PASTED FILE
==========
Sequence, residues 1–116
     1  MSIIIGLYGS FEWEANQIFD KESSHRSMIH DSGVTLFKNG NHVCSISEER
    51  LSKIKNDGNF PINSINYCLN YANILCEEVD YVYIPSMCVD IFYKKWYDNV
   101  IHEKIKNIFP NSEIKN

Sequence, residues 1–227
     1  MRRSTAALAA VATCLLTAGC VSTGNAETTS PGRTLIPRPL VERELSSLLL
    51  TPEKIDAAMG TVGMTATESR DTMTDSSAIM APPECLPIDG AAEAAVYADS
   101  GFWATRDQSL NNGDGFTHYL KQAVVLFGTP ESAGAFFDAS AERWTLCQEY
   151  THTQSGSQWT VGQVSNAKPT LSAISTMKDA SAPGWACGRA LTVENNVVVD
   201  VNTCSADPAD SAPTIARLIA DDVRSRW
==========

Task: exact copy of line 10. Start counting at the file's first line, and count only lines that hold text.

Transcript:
   201  VNTCSADPAD SAPTIARLIA DDVRSRW